Peter already had a 15-page concept written for the game before Start Up Camp, and was able to fully brief the Beebes in only a couple hours. After the game plan was effectively transferred from sketchbook to white board, it was time for Jon and Biffy to make the thing!
From there, Biffy drew away on her touchpad to create the War To Go interface and in-game artwork; Jon coded away with Corona, aiming to build the core mechanics of the game before time ran out.
Using Corona’s MapView API, the Beebes were able to easily implement the real world “game board” that Peter had prescribed in his game concept (remember, it’s location-based Risk using real world locations!).
The multiplayer function was a little more difficult, as Jon had never implemented such a feature in any of his games. However, since Corona allows for quick on-device prototyping, Jon was able to fine-tune the game’s multiplayer support through trial-and-error in only a couple hours.
From there, the team put the final touches on War To Go (explosions, sound effects, etc.) and the subsequent presentation (slides and stuff), and showed off a demo Sunday evening to their fellow Start Up Campers.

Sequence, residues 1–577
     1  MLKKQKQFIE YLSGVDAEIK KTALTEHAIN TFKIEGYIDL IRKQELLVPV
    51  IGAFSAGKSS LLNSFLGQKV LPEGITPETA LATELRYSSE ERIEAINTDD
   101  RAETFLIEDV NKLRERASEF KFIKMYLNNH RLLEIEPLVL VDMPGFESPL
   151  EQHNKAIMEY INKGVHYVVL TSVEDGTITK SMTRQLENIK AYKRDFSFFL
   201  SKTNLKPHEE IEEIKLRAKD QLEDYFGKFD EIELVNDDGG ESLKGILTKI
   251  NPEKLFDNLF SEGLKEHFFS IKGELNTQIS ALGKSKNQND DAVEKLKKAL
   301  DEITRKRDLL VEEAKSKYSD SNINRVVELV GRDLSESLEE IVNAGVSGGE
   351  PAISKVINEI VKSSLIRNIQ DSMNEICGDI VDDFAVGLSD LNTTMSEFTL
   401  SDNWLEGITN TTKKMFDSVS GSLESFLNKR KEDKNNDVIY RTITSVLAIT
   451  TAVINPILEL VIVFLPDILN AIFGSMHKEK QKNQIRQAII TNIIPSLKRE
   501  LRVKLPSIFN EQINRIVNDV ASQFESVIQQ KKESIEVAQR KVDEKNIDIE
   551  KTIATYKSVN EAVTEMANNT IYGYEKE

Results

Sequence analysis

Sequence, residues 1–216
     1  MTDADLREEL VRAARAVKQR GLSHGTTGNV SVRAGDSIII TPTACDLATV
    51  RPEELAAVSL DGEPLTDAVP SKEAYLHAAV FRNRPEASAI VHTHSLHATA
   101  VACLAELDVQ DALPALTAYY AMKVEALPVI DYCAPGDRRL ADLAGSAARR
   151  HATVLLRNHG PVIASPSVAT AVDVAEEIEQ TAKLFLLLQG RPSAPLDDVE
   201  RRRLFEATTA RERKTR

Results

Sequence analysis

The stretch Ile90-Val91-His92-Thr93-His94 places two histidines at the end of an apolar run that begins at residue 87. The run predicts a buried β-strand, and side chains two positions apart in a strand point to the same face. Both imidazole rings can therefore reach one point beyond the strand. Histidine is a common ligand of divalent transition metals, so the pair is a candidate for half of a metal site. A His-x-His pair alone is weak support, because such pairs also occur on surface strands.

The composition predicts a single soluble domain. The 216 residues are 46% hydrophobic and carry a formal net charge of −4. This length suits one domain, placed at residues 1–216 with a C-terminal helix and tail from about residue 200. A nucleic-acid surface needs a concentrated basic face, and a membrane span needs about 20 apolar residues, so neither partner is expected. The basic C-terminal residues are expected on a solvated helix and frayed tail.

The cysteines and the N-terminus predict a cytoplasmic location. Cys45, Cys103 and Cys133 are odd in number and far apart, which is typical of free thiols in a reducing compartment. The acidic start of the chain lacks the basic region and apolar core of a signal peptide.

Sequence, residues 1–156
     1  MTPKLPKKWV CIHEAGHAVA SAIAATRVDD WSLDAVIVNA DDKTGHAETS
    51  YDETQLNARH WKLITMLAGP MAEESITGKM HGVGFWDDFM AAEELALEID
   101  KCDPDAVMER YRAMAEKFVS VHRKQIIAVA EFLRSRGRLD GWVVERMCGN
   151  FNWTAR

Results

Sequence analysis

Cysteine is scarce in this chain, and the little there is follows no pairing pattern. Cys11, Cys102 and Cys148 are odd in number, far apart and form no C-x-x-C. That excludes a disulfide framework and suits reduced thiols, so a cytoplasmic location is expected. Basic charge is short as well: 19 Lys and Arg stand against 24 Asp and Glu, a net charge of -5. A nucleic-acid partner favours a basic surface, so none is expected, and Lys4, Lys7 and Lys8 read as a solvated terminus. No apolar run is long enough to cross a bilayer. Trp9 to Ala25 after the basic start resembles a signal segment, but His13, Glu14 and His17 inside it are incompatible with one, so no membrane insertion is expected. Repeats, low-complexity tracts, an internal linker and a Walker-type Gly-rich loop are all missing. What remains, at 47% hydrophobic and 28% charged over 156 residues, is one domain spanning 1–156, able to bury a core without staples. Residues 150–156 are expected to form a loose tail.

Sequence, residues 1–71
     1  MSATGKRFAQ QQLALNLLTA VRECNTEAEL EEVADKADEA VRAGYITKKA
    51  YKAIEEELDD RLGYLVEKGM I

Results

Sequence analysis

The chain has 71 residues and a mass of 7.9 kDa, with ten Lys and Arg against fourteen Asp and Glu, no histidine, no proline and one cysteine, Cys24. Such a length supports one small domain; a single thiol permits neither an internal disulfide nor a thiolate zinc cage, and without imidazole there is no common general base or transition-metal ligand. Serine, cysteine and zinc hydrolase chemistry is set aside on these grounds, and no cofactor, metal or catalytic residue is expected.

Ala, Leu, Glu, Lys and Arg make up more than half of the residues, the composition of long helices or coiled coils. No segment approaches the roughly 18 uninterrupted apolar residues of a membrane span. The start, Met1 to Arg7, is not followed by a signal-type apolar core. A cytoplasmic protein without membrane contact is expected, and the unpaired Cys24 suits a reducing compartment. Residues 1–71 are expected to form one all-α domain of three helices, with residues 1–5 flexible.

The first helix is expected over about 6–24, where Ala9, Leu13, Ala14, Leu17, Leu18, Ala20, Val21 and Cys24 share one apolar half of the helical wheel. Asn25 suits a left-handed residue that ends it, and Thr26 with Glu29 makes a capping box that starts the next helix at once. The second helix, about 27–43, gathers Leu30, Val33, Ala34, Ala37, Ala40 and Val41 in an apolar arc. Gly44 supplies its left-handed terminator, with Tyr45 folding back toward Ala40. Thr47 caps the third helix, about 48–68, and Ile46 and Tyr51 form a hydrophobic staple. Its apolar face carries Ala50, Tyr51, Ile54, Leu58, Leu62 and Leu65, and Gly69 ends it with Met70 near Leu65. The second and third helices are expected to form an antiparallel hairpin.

All in all, Peter was floored by the short amount of time that it took to bring his vision to life, and the Beebes were equally surprised by how well they were able to effectively turn around a game of this ambition. Plus, since both sides were able to work so efficiently, they were able to create their working demo while still maintaining a comfortable pace of work.
Since Peter is a pro game producer and the Beebes have sold over 300,000 copies of their mobile games, we think they should keep in touch to build out the rest of War To Go and make it the next big cultural phenomenon!
If you still would like to read more about Peter and the Beebes’ Start Up Camp shenanigans, check out Jon Beebe’s blogpost chronicling the weekend. Also, be sure to follow @PeterDassenko and @BeebeGames on Twitter.
Lastly, and if you’ll be utilizing Corona like this at an event, let us know — we’d love to come and document it too, just like we did here with War To Go!
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